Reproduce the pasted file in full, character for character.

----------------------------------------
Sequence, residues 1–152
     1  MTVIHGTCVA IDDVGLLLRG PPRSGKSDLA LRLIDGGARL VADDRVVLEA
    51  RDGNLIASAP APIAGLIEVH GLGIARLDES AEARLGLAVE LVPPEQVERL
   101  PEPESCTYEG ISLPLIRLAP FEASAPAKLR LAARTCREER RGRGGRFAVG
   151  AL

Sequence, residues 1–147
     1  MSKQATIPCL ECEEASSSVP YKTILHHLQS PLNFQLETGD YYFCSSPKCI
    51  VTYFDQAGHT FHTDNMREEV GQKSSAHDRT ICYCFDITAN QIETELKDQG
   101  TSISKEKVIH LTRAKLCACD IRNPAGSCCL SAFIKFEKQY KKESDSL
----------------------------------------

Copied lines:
Sequence, residues 1–152
     1  MTVIHGTCVA IDDVGLLLRG PPRSGKSDLA LRLIDGGARL VADDRVVLEA
    51  RDGNLIASAP APIAGLIEVH GLGIARLDES AEARLGLAVE LVPPEQVERL
   101  PEPESCTYEG ISLPLIRLAP FEASAPAKLR LAARTCREER RGRGGRFAVG
   151  AL

Sequence, residues 1–147
     1  MSKQATIPCL ECEEASSSVP YKTILHHLQS PLNFQLETGD YYFCSSPKCI
    51  VTYFDQAGHT FHTDNMREEV GQKSSAHDRT ICYCFDITAN QIETELKDQG
   101  TSISKEKVIH LTRAKLCACD IRNPAGSCCL SAFIKFEKQY KKESDSL